Cattle industry projected to lose $13.6 billion in wake of coronavirus
In an effort to help USDA determine how to best allocate CARES Act relief funds to cattle producers, the NCBA recently commissioned a study. Conducted by a team of agricultural economists led by Derrell Peel, Breedlove professor of agribusiness and Extension livestock marketing specialist at Oklahoma State University, the findings estimate cattle industry losses will reach $13.6 billion due to the COVID-19 pandemic.
While the study notes that COVID-19 does not materially affect the projections for total beef production in 2020, if there is enough labor disruption in processing facilities to lower total slaughter potential for the year, it could create a backlog of cattle and push some production into 2021. These impacts remain to be seen, but even a short closure could have significant consequences for market prices and the total amount of available beef.
So far, there is a significant impact on beef supply chains and the short run timing of beef marketing. Cash fed and feeder cattle prices at all levels have been impacted along with Live and Feeder futures prices being sharply lower and extremely volatile reflecting expected impacts for the remainder of the year.
Cow-calf producers, the study says, will be impacted the most with losses totaling an estimated $3.7 billion, or $111.91 per head for each mature breeding animal. If there are no relief payments to offset that number, the losses could increase by $135.24 per mature breeding animal, which could mean an additional impact of $4.45 billion in the coming years.
The stocker/backgrounder segment is projected to lose an estimated $159.98 per head, for a total economic impact of $2.5 billion in 2020; while the feedlot sector is estimated to lose $3 billion or $205.96 per head.
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“This study confirms that cattle producers have suffered massive economic damage as a result of the COVID-19 outbreak and those losses will continue to mount for years to come, driving many producers to the brink of collapse and beyond if relief funds aren’t made available soon,” says Colin Woodall, NCBA CEO. “This study also clearly illustrates the fact that while the relief funds provided by Congress were a good first step, there remains a massive need for more funding to be allocated as soon as members of Congress reconvene.”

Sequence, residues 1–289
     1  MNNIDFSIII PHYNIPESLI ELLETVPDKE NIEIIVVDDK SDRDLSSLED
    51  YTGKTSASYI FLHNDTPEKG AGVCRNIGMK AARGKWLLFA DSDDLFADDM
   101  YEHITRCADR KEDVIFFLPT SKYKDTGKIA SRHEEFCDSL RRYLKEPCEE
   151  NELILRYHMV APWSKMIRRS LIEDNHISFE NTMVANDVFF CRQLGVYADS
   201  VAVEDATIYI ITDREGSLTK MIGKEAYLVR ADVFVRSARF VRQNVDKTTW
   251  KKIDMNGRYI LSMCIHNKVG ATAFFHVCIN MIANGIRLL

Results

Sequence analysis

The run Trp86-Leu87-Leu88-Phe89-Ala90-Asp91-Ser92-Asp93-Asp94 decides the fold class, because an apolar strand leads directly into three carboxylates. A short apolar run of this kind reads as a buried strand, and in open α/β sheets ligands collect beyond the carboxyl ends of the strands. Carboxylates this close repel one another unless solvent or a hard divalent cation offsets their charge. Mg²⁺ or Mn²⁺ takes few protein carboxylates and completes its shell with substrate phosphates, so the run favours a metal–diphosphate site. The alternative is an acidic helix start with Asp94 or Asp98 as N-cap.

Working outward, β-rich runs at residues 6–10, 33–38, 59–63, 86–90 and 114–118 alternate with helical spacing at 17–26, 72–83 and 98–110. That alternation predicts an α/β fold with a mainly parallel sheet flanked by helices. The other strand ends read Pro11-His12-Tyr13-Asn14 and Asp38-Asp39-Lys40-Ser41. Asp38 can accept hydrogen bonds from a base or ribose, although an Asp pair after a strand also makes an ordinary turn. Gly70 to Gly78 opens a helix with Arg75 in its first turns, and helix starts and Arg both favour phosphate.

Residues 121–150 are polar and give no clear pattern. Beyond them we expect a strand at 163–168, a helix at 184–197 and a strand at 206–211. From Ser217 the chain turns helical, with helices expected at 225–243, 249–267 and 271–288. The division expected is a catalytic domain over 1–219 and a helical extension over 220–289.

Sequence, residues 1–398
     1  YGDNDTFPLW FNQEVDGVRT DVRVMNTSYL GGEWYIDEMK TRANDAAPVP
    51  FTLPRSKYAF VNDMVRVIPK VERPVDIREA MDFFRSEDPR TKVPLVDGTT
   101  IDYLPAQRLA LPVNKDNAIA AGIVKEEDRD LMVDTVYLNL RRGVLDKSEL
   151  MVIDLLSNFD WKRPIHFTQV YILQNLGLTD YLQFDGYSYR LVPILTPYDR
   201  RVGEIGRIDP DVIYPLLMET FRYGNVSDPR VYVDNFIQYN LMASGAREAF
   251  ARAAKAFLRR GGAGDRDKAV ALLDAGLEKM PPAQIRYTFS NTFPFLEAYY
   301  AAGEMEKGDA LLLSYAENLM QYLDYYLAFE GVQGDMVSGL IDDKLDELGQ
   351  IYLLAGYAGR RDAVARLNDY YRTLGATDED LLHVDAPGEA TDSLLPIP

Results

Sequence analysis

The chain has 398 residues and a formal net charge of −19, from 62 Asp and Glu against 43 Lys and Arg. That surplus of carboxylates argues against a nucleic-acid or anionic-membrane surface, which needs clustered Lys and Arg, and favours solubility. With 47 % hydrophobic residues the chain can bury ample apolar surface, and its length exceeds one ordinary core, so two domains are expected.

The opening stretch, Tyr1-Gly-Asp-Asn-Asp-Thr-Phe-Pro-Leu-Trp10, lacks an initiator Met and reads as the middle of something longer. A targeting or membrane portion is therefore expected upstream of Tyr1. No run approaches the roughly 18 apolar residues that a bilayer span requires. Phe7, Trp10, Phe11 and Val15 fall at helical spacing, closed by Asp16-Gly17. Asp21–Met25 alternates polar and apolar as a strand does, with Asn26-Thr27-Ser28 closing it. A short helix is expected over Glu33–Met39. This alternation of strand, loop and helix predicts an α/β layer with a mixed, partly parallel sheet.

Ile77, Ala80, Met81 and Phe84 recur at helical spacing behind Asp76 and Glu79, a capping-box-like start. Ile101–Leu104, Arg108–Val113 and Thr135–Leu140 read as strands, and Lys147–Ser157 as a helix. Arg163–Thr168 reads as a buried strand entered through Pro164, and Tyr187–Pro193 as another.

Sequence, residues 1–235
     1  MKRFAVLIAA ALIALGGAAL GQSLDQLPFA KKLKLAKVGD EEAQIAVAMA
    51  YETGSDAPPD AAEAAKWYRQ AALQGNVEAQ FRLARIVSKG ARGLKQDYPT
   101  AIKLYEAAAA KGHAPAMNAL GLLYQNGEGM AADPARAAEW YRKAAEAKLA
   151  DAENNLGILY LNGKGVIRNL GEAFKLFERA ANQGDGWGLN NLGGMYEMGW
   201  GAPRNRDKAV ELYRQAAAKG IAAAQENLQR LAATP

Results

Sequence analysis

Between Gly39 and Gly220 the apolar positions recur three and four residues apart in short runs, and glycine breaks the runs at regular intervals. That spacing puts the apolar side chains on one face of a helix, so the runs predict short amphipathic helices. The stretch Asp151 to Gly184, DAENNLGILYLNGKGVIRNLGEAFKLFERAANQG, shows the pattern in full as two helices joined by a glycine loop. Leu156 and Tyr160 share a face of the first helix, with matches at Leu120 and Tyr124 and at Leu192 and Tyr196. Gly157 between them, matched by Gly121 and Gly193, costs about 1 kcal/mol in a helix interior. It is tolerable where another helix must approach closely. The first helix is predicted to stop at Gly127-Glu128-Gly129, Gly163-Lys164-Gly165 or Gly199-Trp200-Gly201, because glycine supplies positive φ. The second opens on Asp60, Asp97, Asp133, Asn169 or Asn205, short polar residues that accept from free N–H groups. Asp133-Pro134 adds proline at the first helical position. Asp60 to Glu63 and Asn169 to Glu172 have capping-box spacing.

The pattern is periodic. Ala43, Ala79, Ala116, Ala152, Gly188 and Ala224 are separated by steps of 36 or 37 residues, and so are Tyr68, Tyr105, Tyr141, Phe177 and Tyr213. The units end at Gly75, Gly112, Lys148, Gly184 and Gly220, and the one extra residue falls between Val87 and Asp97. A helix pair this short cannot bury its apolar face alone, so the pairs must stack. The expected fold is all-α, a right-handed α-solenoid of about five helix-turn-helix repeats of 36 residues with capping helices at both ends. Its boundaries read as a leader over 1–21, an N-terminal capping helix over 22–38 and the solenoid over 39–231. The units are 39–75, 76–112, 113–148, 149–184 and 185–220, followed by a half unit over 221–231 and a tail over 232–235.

Relief funds that were meant to provide aid directly to cattle producers, Woodall pointed out, were divided among multiple commodities, the majority of which already receive production support under government programs. Because cattle producers have always maintained their independence from government programs, most operate without that safety net today.
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“It’s only because of the extraordinary circumstances we face today that cattle producers need relief. While we appreciate the many members of Congress who supported the cattle industry and ensured cattle producers were eligible for relief funds, we need these same members to do more to make certain every cattle producer who needs relief can access funding. That’s why we’re calling today for additional funds to be made available specifically for cattlemen and women,” Woodall says.
Estimated losses by sector
As of early April 2020, the study estimated the following loss in revenue to the U.S. cattle industry.
Cow-calf sector: $3.7 billion in 2020, which is equal to $111.91 a head for each mature breeding animal. If the damages are not offset, additional long-term damages of $4.45 billion or another $135.24 per mature breeding animal will impact the cow-calf sector in coming years. Estimated 2020 losses are based on multiple estimates of impacts on calf sales in the current year. Because cow-calf production is a long-term investment, the study predicts the impacts in 2020 will extend for years into the future.
Stocker/backgrounding sector: $2.5 billion in 2020, which is equal to $159.98 a head. Because stocker/backgrounding production includes a wide range of animal sizes, the average loss is based on separate estimates of losses for animals 500 pounds and less ($118.40/head) and animals over 500 pounds ($184.38/head).
Cattle feeding sector: $3 billion in 2020, which is equal to $205.96 per head. These estimated losses reflect the decrease in value for animals placed into feedlots prior to the COVID-19 impacts and projected to be marketed through the third quarter of 2020.
Because the current situation is very fluid and uncertain, more damages are likely.
The team conducting the study included Derrell S. Peel, Oklahoma State University; Dustin Aherin, Rabobank; Randy Blach, CattleFax; Kenneth Burdine, University of Kentucky; Don Close, Rabobank; Amy Hagerman, Oklahoma State University; Josh Maples, Mississippi State University; James Robb, Livestock Marketing Information Center; and Glynn Tonsor, Kansas State University.
View the executive summary here. View the full economic assessment here.